All suet is fat, but not all fat is suet. Nor is it always beef fat.
The best suet comes from the fat that grows around the kidneys in cows and sheep.
Butter and shortening melt earlier in the cooking process, blending right into batters. Suet, because of its higher melting point, melts much later: after the batter has begun to set. When it melts, it leaves spaces in the setting batter, making the batter lighter than butter or shortening can.
Many British recipes call for suet because it is a very standard ingredient that is easy to buy off the shelf in the UK.
In Canada, you can buy bags of frozen suet by companies such as “Maple Leaf” in supermarket chains , particularly around Christmas.
There are a few different brands of boxed, shelf-stable vegetable suet that get imported to North America.
You can get balls of suet destined for bird feeding but it’s very unlikely that they would be food-grade for humans, or that sellers would risk saying they were.
To render your own. Stick raw fat in a baking dish in a hot oven, and melt it. Throw out any solids remaining, and pour carefully into a large bowl to cool. As it starts to solidify, mix in ice water with a hand mixer or whisk until it gets very solid. Pour off the water, and put in fridge to cool and dry. Roll up into balls, wrap in plastic film, and freeze until needed. Grate frozen if required when you go to use it.
If you are going to shred suet, have it really cold to start with; the colder the better.
If you get suet straight from a butcher, expect that it may need some cleaning: “the butcher was unfazed by my request for real fresh suet, the hard fat from around beef kidneys, and proffered a smooth lump of hard, white fat. At home, I needed to remove a few membranes and red spots (best ask for twice the weight that the recipe requires to allow for this).” Clay, Xanthe. Tried and tested: Celebrity chefs’ Christmas pudding recipes. London: The Telegraph. 20 November 2012.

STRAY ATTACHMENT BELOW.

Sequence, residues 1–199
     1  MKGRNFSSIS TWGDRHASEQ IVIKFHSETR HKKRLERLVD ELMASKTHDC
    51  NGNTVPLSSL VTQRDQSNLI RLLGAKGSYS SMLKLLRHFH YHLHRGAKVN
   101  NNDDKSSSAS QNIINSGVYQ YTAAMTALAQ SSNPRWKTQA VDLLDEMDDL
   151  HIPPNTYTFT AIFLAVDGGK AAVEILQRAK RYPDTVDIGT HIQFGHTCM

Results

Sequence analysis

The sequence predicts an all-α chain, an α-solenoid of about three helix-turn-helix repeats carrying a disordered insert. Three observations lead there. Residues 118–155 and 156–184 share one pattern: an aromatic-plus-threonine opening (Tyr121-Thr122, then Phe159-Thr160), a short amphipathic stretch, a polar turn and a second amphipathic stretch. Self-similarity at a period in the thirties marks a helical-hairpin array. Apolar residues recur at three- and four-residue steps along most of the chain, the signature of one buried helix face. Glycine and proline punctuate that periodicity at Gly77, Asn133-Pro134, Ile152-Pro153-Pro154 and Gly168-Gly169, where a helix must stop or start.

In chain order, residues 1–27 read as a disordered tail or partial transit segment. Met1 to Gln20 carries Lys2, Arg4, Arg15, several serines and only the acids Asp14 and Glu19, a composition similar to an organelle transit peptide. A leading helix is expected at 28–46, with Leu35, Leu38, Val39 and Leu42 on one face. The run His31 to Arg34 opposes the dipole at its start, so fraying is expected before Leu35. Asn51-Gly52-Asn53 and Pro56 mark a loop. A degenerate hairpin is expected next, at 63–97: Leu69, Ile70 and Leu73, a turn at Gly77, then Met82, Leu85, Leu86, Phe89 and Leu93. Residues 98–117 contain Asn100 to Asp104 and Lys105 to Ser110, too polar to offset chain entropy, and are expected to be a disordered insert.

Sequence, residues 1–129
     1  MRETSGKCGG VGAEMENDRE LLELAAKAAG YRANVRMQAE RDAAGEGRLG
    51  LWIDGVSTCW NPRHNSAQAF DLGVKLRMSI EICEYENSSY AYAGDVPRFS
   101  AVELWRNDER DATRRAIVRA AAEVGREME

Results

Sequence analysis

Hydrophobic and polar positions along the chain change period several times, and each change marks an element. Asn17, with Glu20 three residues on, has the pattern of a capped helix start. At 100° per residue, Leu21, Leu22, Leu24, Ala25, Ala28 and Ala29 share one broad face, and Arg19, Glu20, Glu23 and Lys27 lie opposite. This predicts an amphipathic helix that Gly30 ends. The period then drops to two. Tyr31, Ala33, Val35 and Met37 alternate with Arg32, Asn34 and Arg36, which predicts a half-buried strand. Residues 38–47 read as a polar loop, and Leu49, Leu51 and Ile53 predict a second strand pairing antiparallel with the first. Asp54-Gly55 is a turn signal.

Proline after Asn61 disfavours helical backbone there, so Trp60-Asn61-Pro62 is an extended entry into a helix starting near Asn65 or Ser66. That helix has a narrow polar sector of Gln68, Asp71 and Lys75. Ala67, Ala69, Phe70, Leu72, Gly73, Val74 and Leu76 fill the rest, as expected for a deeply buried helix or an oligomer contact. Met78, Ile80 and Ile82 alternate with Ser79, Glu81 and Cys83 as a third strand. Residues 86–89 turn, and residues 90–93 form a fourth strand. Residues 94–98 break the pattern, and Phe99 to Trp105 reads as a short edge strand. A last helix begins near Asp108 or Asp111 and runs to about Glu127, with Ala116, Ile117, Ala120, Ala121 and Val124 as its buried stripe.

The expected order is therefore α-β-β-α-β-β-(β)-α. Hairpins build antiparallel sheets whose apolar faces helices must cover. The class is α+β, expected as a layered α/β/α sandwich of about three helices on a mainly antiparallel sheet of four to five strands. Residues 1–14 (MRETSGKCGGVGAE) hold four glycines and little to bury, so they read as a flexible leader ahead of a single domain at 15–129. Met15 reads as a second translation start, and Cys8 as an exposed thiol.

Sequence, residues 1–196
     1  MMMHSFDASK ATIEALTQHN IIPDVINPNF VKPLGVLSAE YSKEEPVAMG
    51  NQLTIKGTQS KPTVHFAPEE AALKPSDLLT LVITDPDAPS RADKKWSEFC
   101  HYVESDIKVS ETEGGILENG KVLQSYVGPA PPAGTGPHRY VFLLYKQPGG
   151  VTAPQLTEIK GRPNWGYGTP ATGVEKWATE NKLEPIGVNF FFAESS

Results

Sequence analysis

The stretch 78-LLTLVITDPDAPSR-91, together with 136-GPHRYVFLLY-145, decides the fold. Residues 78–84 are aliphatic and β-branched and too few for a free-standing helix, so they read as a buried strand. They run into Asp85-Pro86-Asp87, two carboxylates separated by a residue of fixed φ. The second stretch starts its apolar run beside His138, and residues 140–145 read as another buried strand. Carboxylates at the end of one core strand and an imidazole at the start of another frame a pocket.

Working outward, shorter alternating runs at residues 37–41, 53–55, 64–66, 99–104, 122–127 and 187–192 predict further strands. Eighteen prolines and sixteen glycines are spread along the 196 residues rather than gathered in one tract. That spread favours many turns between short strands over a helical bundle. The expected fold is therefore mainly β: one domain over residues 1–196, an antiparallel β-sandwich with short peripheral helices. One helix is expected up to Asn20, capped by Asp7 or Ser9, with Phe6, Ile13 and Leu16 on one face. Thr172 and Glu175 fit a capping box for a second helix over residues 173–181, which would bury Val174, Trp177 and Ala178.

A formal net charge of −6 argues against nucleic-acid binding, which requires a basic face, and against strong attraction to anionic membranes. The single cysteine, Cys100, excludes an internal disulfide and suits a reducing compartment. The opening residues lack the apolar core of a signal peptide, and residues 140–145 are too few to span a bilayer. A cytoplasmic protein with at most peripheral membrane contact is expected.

Lard, shortening, butter, vegetable suet, bacon fat.
1 oz / 30g suet, shredded = 1/4 cup shredded suet
Freezes well, so don’t hesitate to buy more than you need at present, especially if you’ve had a hard time finding it in North America. And the bonus is that when it’s frozen, it grates really easily (many recipes call for you to grate it.)
Literature & Lore
“Suet was highly recommended for frying purposes. In England nothing but suet is used for frying. It is without odor. It is well to use a small amount of cottonseed oil with it. Cocoanut butter is good but then it is unnecessary to buy any frying material. Mutton suet is preferable to all other suets, but all the fiber must be carefully removed or tallow will be found on the plate on which it is served. In rendering suet keep water away from it.” — Jorgenson, Judith. Around The Evening Lamp. Des Moines, Iowa: Des Moines Daily News. 2 June 1896. Page 2.
Comes from an old French word “su” which meant hard animal fat or tallow.
References [ + ]
|1.||↑||Clay, Xanthe. Tried and tested: Celebrity chefs’ Christmas pudding recipes. London: The Telegraph. 20 November 2012.|